Despite the highly visceral fact that the NCAA Tournament was shelved, due to understandable concerns over a pandemic, sadly denying Princeton an opportunity to build on their momentum, the possibilities of reaching their first-ever Frozen Four a very strong one, there was still a lot to be proud of. Certainly, the pinnacle reached was one that allowed Neatby and her fellow members of the Class of 2020 to graduate on a highly historic and empowering note.

Graduating alongside the likes of Carly Bullock, Princeton’s top-goal scorer in the 21st Century, McKenzie Ebel, a multiple ECAC All-Academic Team selection, captain, and Second-Team All-Ivy, Claire Thompson and blueliner Sylvie Wallin, also a numerous All-Academic honoree.

During the last weekend of regular season play at Hobey Baker Rink, which included the Senior Night festivities, Neatby and Bullock shone brightly, prevailing in two contests by identical scores of 5-1. The February 21 tilt versus Brown saw Carly Bullock record a hat trick, while Neatby made 10 saves, setting an exciting tone for the next day’s contest against Yale, which was also Senior Night.

Bullock would record a three-point outing on Senior Night, making her the ninth player in Tigers history to reach the 150 point plateau in a career, while Neatby needed only 15 saves in the win. Their collaborative efforts were essential in helping the program capture its 22nd win of the 2019-20 campaign, tying a program mark for most wins, set back in 2015-16. As a side note, this year’s version of the Tigers would eclipse that mark with their first victory of the postseason, besting Quinnipiac in a 5-1 triumph on February 28.

(L-R) Princeton Class of 2020: Stephanie Neatby, Mackenzie Ebel, Carly Bullock, Claire Thompson, and Sylvie Wallin. Photo credit: Shelley M. Szwast

In discussing some of the most enjoyable elements of playing for Princeton, Neatby graciously recognized how the University stands as an integral part of American collegiate hockey heritage. From players such as Patty Kazmaier, whose father, Dick Kazmaier, the winner of college football’s Heisman Trophy in 1951 for Princeton, along with the iconic Hobey Baker, whose life could make a tremendous Hollywood film, their respective legacies represented with an annual standard for hockey excellence.

Adding to the magical allure of having worn the Princeton colors for an elated Neatby, recognizing those who blazed the trail, it marks a gracious touch of class. Certainly, as the decade of the 2010s produced a celebrated and inspiring group of alumnae, including the likes of Kelly Cooke, Gabie Figueroa, Denna Laing and Kimberly Newell, all experiencing the prestige of professional hockey, Neatby’s heroics over four fantastic seasons certainly placed her in the pantheon of Princeton brilliance.

“I love the history that our rink and school has in the NCAA. Both major awards the Patty Kazmaier and Hobey Baker award come from notable Princeton alumni, and our rink is one of the oldest in the country.

It was amazing to look up at our banners before every game and see who had come before us in the rink. Heading into senior night I was sad that my time was coming to an end, because I had made so many good friends at this school, but at the same time we were gearing up for playoffs and I knew my teammates and I were not done yet.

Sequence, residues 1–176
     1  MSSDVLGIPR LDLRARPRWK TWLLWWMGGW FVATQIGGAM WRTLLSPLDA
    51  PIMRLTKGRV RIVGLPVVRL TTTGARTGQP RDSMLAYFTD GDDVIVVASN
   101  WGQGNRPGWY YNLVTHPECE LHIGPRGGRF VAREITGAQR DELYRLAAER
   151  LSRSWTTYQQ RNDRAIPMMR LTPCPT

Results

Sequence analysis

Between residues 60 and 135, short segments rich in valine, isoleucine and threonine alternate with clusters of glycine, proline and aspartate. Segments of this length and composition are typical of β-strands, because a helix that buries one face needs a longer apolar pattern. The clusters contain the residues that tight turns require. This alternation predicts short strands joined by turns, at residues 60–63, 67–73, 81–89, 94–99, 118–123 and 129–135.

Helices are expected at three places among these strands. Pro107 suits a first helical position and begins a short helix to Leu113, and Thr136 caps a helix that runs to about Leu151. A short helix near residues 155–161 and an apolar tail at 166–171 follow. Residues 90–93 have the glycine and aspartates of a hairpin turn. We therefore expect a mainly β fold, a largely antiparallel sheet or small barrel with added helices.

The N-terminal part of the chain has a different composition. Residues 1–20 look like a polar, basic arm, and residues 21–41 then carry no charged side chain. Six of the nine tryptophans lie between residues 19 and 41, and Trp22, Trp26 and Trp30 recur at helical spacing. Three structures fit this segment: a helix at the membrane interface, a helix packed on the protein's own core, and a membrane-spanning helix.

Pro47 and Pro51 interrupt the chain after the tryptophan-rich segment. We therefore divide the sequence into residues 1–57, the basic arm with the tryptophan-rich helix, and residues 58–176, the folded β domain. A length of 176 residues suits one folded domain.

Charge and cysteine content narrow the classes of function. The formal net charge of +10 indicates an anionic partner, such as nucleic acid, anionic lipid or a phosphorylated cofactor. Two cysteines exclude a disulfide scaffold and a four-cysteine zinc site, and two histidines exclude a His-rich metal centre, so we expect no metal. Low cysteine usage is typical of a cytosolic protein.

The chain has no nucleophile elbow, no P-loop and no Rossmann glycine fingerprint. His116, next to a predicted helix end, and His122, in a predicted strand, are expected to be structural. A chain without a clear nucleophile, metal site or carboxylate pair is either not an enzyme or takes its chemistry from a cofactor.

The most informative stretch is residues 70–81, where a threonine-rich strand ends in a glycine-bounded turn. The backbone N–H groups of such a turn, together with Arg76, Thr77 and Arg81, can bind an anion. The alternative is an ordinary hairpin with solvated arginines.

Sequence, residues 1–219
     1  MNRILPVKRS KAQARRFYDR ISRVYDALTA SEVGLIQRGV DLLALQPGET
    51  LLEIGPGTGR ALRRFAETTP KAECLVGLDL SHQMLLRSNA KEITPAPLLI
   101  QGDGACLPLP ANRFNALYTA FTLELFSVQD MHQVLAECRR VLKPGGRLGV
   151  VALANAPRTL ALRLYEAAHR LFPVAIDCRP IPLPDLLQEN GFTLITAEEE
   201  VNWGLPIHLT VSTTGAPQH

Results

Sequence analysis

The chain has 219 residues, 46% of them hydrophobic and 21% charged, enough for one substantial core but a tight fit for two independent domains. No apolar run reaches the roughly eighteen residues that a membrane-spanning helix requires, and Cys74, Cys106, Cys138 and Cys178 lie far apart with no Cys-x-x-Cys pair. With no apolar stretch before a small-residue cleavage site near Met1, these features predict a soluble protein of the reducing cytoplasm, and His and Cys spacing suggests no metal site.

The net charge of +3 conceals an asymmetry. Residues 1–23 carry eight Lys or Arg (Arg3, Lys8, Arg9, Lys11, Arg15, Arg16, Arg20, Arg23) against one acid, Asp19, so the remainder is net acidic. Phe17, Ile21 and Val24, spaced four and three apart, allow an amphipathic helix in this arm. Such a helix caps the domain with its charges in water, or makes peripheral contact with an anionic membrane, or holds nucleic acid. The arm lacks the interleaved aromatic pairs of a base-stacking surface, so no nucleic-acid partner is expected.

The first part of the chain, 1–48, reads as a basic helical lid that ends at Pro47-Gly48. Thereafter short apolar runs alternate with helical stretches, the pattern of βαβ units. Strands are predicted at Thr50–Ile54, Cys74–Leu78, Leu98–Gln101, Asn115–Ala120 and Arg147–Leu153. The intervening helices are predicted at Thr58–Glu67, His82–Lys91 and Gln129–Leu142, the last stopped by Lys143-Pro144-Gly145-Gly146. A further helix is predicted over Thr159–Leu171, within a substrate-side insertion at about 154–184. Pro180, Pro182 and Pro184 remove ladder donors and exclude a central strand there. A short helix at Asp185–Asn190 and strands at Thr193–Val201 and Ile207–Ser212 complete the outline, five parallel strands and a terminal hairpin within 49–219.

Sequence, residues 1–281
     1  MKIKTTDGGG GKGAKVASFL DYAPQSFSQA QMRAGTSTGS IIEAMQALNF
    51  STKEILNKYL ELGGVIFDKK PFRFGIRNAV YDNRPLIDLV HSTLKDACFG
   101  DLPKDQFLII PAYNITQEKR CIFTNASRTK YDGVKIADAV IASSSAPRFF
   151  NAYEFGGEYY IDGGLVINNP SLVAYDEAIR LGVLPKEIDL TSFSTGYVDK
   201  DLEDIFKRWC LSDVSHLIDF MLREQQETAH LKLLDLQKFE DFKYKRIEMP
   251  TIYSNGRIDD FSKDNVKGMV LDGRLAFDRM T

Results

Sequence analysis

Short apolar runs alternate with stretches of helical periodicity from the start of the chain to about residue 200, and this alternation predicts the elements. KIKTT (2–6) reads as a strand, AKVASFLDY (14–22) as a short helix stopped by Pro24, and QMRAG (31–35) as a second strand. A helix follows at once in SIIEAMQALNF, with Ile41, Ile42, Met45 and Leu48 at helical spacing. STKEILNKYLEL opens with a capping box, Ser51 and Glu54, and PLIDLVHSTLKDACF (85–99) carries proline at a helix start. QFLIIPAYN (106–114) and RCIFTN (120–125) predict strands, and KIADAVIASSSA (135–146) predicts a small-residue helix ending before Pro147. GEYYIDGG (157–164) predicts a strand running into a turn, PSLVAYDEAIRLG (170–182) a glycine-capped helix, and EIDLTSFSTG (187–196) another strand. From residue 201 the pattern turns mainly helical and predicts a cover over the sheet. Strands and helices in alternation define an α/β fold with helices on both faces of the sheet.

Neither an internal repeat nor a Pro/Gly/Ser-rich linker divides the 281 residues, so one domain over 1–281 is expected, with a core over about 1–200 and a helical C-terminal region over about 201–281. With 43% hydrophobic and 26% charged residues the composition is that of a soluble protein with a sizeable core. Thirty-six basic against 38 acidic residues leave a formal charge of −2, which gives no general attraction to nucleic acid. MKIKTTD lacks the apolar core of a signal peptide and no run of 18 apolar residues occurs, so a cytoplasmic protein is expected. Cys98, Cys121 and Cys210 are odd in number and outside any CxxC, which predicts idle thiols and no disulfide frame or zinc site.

My teammates did such a fantastic job on senior night, I could not have asked for a better group to spend it with, they were just wonderful to the five of us.”

Equally exciting for Neatby is the prospect of professional hockey, building on the legacy of the aforementioned alumnae during the 2010s. Joined by Tigers graduating captain Bullock, both signed their first pro contracts with Linkoping of the Swedish Elite Women’s Hockey League, the strong connection made in Princeton is poised to carry on across the Atlantic.

Worth noting, Neatby already holds a degree of international experience, having played for Canada’s entry at the 2016 IIHF Under-18 Women’s World Championships, providing her with a degree of confidence. Approaching the new chapter with tremendous anticipation, the fact that Solveig Neunzert, a resident of Stockholm and former member of Djurgårdens IF, who captured the Swedish Women’s Hockey League (SDHL) championship in 2016-17, was a Princeton teammate this past season, provided an invaluable resource into what to except from a cultural perspective. Considering that Neunzert also played in the 2016 IIHF U18 Worlds, accounting for a unique element of serendipity, it is a theme that Neatby hopes shall continue upon her arrival in Sweden.

“I am so excited to be playing in Sweden next season. It is amazing that I get to continue my career playing with Carly Bullock, not only because she is a prolific goal scorer, but she is one of my best friends. I think I am most looking forward to learning about the culture in Sweden.

Since I had a Swedish teammate this year she got me excited about all the new food I can try, and trips I can take around the country and to the surrounding ones. Linköping looks like a beautiful city, so Carly and I cannot wait to explore.

Playing for Team Canada gave me exposure to playing against people from different countries, and I know a little more about the European style of play because of it. I learned that the Swedes are very serious about their hockey so I am excited for a high level of competition, but also excited to make friends with people from all over on the team.”

”All quotes obtained first hand unless otherwise indicated”